“Mom, it’s beautiful!”
Her cherubic face has been glued to the window since we took off. It’s not her first flight, but it is the first flight away from the everyday to the exotic. Armed with new bathing suits and pretty dresses and fancy shoes and flip flops, her toes are the color of sea glass and her fingertips that of sand. A flower dances prettily above her ear and expectation dances in her bright hazel eyes.
We are thousands of feet in the air, wingtips drifting through snowy white clouds as the ocean bleeds into the bright blue sky on the distant horizon below. The mainland left us hours ago and we are floating on the cusp of seven days of Hawaiian bliss.
This is a moment unmatched for her, and distant memories surface. As a small child the World War II-era DC3 was our only transportation in and out of the remote community we lived in, a capsule of heat and discomfort in the tundra’s 24-hour daylight and a frigid tube in the harsh sub-zero winters that swept across the ocean ice for months on end.
My father once chartered a tiny plane to pluck me out of obscurity. The bill was forwarded to the government and their outrage was met with the gentle reminder that they should not leave a minor child abandoned in the Arctic for two weeks just because a snowstorm happened to roll in. A gentle reminder that positions of power are weak in the face of parental love.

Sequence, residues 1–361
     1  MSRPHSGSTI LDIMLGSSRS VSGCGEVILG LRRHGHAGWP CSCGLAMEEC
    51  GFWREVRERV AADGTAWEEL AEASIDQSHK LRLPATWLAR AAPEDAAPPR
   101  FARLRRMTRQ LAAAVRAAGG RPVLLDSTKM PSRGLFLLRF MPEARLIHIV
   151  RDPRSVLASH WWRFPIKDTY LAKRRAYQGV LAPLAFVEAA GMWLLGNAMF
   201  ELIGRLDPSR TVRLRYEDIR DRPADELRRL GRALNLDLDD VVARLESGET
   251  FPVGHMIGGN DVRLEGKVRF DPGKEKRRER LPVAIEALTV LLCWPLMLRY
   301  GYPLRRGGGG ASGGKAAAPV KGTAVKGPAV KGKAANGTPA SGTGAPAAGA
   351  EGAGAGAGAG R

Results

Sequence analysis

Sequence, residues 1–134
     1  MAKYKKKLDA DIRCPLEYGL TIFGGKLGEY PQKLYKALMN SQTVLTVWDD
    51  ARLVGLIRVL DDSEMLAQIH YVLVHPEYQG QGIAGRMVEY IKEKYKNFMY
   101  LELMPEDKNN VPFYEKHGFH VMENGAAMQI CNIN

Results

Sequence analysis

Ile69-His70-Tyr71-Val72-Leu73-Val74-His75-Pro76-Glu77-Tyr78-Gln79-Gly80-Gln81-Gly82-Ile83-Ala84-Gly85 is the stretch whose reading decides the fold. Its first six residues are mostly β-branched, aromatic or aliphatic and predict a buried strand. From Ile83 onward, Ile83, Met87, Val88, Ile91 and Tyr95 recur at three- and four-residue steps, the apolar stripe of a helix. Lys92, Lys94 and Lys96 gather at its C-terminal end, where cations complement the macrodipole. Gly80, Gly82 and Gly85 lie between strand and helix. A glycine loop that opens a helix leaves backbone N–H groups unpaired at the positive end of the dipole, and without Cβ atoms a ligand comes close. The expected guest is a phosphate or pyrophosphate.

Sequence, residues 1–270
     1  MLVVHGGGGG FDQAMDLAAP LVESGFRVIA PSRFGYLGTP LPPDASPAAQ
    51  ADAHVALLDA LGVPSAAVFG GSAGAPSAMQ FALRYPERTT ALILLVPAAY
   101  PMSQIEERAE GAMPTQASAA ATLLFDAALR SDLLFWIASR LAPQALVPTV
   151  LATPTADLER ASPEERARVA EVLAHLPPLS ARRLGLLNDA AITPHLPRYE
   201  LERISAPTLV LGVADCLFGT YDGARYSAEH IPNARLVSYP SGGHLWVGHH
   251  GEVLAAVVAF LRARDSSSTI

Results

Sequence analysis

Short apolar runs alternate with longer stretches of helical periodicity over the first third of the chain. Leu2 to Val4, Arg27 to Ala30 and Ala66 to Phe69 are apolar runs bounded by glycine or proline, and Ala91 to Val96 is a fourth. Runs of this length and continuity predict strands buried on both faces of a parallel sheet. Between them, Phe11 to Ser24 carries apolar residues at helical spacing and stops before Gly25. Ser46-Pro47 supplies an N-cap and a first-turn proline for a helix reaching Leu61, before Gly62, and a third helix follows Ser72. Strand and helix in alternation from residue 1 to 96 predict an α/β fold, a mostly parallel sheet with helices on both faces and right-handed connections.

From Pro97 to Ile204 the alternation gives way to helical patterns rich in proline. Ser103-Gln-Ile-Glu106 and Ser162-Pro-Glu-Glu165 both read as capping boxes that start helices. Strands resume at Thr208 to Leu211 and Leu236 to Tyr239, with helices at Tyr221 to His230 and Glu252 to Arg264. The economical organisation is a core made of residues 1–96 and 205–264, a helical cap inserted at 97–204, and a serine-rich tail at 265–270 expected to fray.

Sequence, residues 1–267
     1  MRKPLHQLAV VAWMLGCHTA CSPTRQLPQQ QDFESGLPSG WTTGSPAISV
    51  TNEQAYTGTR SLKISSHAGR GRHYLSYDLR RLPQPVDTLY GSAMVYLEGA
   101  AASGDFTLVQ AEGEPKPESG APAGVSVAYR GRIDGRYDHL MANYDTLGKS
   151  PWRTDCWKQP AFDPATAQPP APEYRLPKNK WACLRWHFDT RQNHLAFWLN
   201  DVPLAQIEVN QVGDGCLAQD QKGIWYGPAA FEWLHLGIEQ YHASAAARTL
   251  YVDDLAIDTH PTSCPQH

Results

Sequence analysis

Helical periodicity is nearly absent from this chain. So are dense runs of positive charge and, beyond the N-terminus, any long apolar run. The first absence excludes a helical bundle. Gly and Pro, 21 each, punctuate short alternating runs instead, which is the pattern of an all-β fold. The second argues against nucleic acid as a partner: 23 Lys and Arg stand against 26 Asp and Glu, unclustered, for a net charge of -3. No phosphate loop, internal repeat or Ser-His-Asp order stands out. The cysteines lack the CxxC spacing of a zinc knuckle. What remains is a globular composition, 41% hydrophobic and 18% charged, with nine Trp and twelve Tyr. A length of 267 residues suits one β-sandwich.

Year after year, I traversed an entire country to land at boarding school or to return home, plunging headfirst into my independence courtesy of the four separate planes of varying size and speed in either direction. For years I flew the corporate routine, hasty turnarounds to accomplish business objectives with minimal impact to family. Half of one, plane rides were routine and moments to catch my breath, my sanity and a chance to get caught up on work.
When I was the only half left, they became an escape shuttle that trapped me in mother’s guilt.
Desperate to go and terrified to leave in the windows I heard my voice promise my children that he was out there in the clouds, somewhere, riding the soft boulders in death like he rode the mountains and trails in life. I was and remain ambivalent about the hereafter and so the clouds became a comfortable place in the space between, a place where my children took comfort and where I did not have to resolve my own unanswered questions.
High above the pain and the self doubt, I would stare numbly for hours and it felt as though I could simply open the window and step softly into the rolling expanse and he would be there. To forgive me for being the one left behind. To reassure me that I had the strength to carry them forward. To let me go.
And then life moved on far beneath the clouds.
Staring out at the clouds, I no longer need to be forgiven for living and I have proven that I have the strength to carry them forward in a life filled with love and expectation and reality and adventure and joy despite all of its sorrows. Because if he is out there, I know now that he granted my freedom long before I accepted it myself. And if he isn’t out there in the expanse, freedom was simply waiting for my own acceptance that it was okay.
To breathe deep. To live again. To love again.
“So this is what it looks like for Daddy. This is what heaven looks like.”
No sweetheart. He saw heaven in you.